Study Abroad in London, England - Black London

Study Abroad in London – Black London: Academics

Richmond, The American International University in London

Like the city in which it is located, Richmond, The American International University in London, provides a diverse, multicultural environment. The University offers small classes in a wide variety of disciplines taught by faculty from leading British and American institutions in fully accredited BA, BS, MA and MBA programs. During the academic year, students come to Richmond from more than 100 different countries, although the summer school is predominantly American. Small classes and personal attention from the faculty, an extensive extracurricular program and a wide range of courses make Richmond an ideal summer study choice.

Richmond is an independent, co-educational, non-profit international liberal arts and professional studies University. The original Richmond College, founded in 1843, was a constituent institution of the University of London until the founding in 1970 of the present University which bears its name and occupies its site. The University is accredited by the Commission on Higher Education of the Middle States Association of Colleges and Schools, one of the regional accrediting bodies recognized by the U.S. Department of Education. In addition to the U.S. degree granting authority, it has U.K. taught degree awarding powers granted by the U.K. Privy Council. It is the first university in the U.K. to have dual degree awarding powers.

Academic Overview & Policies

In addition to the Black London Program, students may choose a 3-week course in Session A and/or C of the Traditional Academic Program for a 6 or 9-week experience.

Academic administration is carried out by the Academic Deans under the supervision of the Richmond Provost. Instructors are drawn from Richmond, the colleges of the University of London, other London institutions of higher education and other professions.

Assessment and grading The course work required varies with the nature of the material covered. Instructors are likely to use some combination of quizzes, papers, presentations, projects, and final exams. Grades are awarded by instructors on a 4.0 scale, which assigns values to pluses and minuses within the letter grade awards:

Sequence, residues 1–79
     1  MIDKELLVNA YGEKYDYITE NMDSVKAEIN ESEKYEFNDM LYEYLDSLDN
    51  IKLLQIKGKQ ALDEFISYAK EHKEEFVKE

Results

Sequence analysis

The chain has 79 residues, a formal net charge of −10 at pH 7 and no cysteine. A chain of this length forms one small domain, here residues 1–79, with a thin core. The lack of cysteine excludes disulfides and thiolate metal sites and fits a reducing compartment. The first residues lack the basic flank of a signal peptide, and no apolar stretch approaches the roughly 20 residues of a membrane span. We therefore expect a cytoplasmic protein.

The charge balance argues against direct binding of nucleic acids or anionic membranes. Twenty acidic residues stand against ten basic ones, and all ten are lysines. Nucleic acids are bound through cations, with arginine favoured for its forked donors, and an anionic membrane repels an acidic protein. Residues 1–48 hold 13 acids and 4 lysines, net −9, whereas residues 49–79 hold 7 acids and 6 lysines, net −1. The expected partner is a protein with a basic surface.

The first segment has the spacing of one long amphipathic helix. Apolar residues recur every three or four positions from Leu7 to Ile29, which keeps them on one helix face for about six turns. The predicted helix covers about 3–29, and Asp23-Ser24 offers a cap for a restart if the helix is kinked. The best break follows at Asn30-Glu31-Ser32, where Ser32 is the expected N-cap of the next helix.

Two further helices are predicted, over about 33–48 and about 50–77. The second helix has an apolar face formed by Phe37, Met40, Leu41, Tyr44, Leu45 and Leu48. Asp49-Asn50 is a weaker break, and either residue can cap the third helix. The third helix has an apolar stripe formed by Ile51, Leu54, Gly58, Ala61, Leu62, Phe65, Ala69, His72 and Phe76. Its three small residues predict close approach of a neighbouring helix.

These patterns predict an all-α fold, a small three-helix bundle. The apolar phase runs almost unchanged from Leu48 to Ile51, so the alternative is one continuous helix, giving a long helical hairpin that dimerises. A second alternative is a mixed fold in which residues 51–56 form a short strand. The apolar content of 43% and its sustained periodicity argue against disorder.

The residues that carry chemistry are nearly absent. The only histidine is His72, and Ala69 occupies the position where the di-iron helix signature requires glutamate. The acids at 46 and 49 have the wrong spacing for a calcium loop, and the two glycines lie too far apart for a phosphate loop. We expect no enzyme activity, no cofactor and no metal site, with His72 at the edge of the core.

A Outstanding achievement
B Achievement above that necessary to complete the course requirements
C Satisfactory
D Work barely meets requirements
F Fail
I Incomplete (this grade may stand only for one week after completion of the course)
W Withdraw

Grades No AIFS participant is permitted to take a course without receiving a letter grade. Pass/Fail grade options are not available.

Attendance is required to receive full credit. Students exceeding the permitted number of absences may lose all or partial credit. Classes are scheduled Monday through Friday. Students are not permitted to take final exams early.

Transcripts are issued by Richmond, The American International University in London. One official copy of the transcript will be mailed to the student’s home college or university.

Course Description

SCL 5445B (3) Black London

Examines the history of the African Diaspora in London over approximately the last 300 years, paying particular attention to changes in the demographic background to this Diaspora and the ensuing debates around the various notions of Blackness. The context to the course is the growth of London as the hub of an imperial system underscored by notions of race, and the subsequent changes to the metropolis in the late 20th and early 21st centuries. A theoretical underpinning of the course is that London is one of the centres of a Black Atlantic, as understood through the works of Paul Gilroy. The course will open up social relations at the heart of Black London’s history, including class, gender and sexuality. London has a long history of ideological movements driven by the conditions of the Black Atlantic, such as: Abolitionism, anti-colonialism, Pan Africanism and anti-racist struggles within Britain; all of these will be within the parameters of the course. Finally, the cultural impact of the Black Atlantic on London will be looked at in all its diversity, including, but not restricted to: literature, religion, music, fashion, language, cuisine, etc.